Will Germany Fail?
Farewell to our Ideal Worlds
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Here in Germany there is still no awareness of the challenges we are facing. People do not recognize the gravity of the situation. Thus, there is no real openness to structural change, and all appeals to finally start thinking in new ways and to prepare ourselves for new times remain more or less abstract and therefore nonbinding. They have the character of Sunday sermons that are barely listened to and quickly forgotten. The federal president can say a thing or two about that; his words often meet with considerable public approval, as with his great [Berlin] speech of April 1997, but the widespread acclaim remains without consequences. Basically, our plight is still accepted with a composure – or a fatigue – that is puzzling. Germans weren’t always like that.
The Shrinking Middle Class
The structural crisis in industry not only relates to insufficient initiative and innovation and a dearth of new companies. Equally important is the drop in small and medium-sized businesses and the shrinking number of self-employed people. Their share of the total German workforce has shrunk in recent years from fourteen to nine percent. Each year about nine percent of small and medium-sized firms are liquidated. Even when newly founded companies are factored into the equation, we are still left with a loss of no fewer than 120,000 businesses per year. At the same time, the number of public servants increased by 120 percent between 1950 and 1987. The number of federal employees even quadrupled. One in five employees in Germany is in public service. [ . . . ]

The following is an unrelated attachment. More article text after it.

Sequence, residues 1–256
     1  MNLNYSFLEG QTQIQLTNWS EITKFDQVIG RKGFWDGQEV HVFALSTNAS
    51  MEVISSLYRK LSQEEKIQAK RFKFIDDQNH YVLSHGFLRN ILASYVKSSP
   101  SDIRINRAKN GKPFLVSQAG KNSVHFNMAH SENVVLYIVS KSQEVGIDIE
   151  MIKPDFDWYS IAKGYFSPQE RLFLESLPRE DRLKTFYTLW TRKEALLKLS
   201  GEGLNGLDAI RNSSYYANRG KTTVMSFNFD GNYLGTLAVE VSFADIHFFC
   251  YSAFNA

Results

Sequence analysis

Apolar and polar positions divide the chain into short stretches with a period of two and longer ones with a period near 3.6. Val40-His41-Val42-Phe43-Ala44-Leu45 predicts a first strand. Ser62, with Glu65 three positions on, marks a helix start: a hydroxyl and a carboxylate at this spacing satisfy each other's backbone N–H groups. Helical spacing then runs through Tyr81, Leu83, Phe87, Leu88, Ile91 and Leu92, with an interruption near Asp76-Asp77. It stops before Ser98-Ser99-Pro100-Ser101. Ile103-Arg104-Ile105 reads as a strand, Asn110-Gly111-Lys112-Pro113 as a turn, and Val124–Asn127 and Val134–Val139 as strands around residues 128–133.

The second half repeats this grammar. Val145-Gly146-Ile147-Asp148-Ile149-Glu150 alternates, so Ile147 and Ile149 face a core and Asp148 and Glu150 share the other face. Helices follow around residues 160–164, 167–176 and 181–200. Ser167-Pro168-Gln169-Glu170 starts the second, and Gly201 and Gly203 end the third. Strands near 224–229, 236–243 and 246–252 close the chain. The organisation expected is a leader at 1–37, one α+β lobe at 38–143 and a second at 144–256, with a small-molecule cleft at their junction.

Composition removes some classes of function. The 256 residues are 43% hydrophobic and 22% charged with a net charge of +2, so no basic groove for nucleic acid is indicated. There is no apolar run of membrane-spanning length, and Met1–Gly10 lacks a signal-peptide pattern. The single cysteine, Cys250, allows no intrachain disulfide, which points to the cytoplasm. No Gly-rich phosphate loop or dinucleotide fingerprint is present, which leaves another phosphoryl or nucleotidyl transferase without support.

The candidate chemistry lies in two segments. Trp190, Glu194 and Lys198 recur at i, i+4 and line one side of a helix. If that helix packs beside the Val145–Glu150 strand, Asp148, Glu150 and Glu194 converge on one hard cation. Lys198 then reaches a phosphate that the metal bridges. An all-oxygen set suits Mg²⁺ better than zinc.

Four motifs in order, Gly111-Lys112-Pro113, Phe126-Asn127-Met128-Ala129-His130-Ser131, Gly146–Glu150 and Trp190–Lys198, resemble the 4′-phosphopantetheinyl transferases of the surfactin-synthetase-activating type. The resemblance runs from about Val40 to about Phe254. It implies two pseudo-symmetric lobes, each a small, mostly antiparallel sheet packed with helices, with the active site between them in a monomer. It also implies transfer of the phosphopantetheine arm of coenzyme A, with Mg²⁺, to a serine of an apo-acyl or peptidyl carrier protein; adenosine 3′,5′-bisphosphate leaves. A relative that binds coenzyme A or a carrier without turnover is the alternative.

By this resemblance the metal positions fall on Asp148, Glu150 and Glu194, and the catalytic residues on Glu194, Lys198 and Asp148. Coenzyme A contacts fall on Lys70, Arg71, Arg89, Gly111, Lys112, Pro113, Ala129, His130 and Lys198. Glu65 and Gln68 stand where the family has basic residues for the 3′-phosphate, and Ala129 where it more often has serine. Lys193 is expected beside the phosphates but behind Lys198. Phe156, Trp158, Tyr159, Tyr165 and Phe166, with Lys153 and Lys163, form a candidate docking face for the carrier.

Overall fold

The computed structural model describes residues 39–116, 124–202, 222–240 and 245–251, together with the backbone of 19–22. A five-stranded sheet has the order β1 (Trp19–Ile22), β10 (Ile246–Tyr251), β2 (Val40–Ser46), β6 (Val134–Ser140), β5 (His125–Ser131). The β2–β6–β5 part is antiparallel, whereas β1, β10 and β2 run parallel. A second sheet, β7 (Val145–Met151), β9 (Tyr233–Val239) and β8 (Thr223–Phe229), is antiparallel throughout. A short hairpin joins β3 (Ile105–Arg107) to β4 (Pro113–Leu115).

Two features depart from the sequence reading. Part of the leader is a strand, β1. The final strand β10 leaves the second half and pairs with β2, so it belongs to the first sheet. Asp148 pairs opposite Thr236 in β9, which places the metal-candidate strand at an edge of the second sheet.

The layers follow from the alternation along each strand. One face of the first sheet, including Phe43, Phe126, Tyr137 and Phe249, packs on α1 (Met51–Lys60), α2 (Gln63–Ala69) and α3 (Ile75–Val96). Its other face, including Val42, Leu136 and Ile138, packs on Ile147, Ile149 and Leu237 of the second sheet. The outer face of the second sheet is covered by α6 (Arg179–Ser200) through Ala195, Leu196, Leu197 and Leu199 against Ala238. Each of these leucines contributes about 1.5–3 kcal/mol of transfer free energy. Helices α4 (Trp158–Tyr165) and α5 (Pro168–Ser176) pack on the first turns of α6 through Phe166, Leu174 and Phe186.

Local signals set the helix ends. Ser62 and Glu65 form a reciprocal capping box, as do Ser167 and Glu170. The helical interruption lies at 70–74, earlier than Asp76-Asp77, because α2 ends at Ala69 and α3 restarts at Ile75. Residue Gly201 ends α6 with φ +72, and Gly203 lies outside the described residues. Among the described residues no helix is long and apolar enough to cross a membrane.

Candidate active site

But German society is made up of rather risk-averse types who would rather work for others. Self-employment attracts very few in this country, since it means having to continually acquire new work without the security of an employer.
And yet all the promises to preserve the world we created for ourselves are illusionary. Germany – like other countries – will have to bid farewell to the dream of guaranteed material security and lasting prosperity, farewell to the ideal of a job that is guaranteed for a lifetime.
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It is amazing that we continue to direct such large subsidies to branches of industry that have long since become obsolete, or are at least being phased out (whether coal or shipbuilding, steel, agriculture, or industrial remnants in the new federal states), despite the fact that everyone knows that they will never become new, viable industries. We need to focus on innovation and stop keeping old, outdated industries on life support for sentimental reasons.
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